MCT oil powder is generally safe and doesn’t have adverse effects.After your body goes through an adjustment period, you’ll experience the benefits of MCT Oil Powder by taking one scoop per day.
Research hasn’t yet found a lethal dose for MCT oil, even when they have fed rats a dose equivalent to 1.7 cups of MCT oil for a 70 kg person – but that doesn’t mean you should consume your whole tub in a week. Stick to 1-2 scoops per day.
You may store less fat and feel full longer if you replace LCT with MCT. If you aren’t as hungry, you may eat less. You might take in fewer calories if you use MCT oil instead of coconut oil.
While research is promising, there isn’t enough data to show that MCT oil will lead to weight loss.
MCT oil may help boost your strength if you’re elderly and weak. There’s also some evidence that MCT can raise the amount of energy used by your muscles. But other research shows it might not do that much to help get you through your workout. Study continues.
The best source for you depends on your goals and desired intake of medium-chain triglycerides.
It’s not clear what dose is needed to obtain potential benefits. In studies, doses range from 5–70 grams (0.17–2.5 ounces) of MCT daily.
If you aim to achieve overall good health, using coconut oil or palm kernel oil in cooking is probably sufficient.
However, for higher doses, you might want to consider MCT oil.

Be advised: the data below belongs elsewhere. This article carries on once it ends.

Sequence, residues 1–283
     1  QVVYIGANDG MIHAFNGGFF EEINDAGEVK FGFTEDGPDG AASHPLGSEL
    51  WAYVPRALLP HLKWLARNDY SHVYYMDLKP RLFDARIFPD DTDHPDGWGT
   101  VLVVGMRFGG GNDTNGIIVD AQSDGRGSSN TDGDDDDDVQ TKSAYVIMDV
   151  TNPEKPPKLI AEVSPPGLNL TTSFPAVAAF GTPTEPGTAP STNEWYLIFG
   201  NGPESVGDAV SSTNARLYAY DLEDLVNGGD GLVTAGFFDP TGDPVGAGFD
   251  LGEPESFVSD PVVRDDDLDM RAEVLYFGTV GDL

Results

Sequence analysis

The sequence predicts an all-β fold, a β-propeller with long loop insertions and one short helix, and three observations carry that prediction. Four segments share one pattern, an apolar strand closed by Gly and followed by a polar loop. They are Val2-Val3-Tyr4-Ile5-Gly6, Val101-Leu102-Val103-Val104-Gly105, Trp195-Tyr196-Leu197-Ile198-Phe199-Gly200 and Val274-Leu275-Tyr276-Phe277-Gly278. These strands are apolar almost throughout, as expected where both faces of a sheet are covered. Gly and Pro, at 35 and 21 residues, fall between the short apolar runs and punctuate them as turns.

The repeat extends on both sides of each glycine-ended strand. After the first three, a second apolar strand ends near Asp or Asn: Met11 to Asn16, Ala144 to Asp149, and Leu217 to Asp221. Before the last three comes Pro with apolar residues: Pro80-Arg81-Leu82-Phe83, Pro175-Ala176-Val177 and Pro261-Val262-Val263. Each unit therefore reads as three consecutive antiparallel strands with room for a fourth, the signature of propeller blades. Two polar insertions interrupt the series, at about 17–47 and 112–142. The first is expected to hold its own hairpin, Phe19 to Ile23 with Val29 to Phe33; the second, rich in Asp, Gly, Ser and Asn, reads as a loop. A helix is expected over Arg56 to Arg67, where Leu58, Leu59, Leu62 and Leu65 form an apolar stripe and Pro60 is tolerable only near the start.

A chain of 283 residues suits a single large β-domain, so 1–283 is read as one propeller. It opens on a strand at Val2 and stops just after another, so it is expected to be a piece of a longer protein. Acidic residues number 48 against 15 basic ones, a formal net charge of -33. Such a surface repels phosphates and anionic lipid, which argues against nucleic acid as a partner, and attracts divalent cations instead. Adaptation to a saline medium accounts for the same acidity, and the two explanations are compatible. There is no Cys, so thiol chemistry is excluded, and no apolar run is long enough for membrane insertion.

One of the good things about MCT oil is that it has virtually no taste or smell. It can be consumed straight from the jar or mixed into food or drinks.
It consists of 2 cups (470 ml) of coffee, 2 tablespoons (28 grams) of grass-fed, unsalted butter, and 1–2 tablespoons (15–30 ml) of MCT oil mixed in a blender. It was originally promoted by Dave Asprey, the creator of the Bulletproof Diet.
It is a MEDIUM chain triglyceride, NOT A LONG chain triglyceride, which requires more time to process by the liver. It could become available for digestion within four hours after being eaten, (the emptying time of the stomach).
Add it to your coffee. This method was popularized by Bulletproof. “The standard recipe is: one cup of brewed coffee plus one teaspoon to one tablespoon MCT oil and one teaspoon to one tablespoon butter or ghee,” Martin says. Combine in a blender and blend on high speed until frothy and emulsified. (Or try Well+Good Council member Robin Berzin, MD’s go-to recipe.)
Add it into a smoothie. Fat can add satiety to smoothies, which is important if you’re hoping for it to serve as a meal. Try this delicious smoothie recipe (featuring MCT oil!) from functional medicine doctor Mark Hyman, MD.
Make “fat bombs” with it. These keto-friendly snacks are designed to provide lots of energy without the crash, and MCT oil or coconut oil can be used to make them. This option from blogger Wholesome Yum is like a low-carb take on a peanut butter cup.
When taken by mouth: MCTs are LIKELY SAFE for most people when taken by mouth. They can cause diarrhea, vomiting, irritability, nausea, stomach discomfort, intestinal gas, essential fatty acid deficiency, and other side effects. Taking MCTs with food might reduce some side effects.
When given by IV: MCTs are LIKELY SAFE for most people when given intravenously (by IV) by a health care provider.
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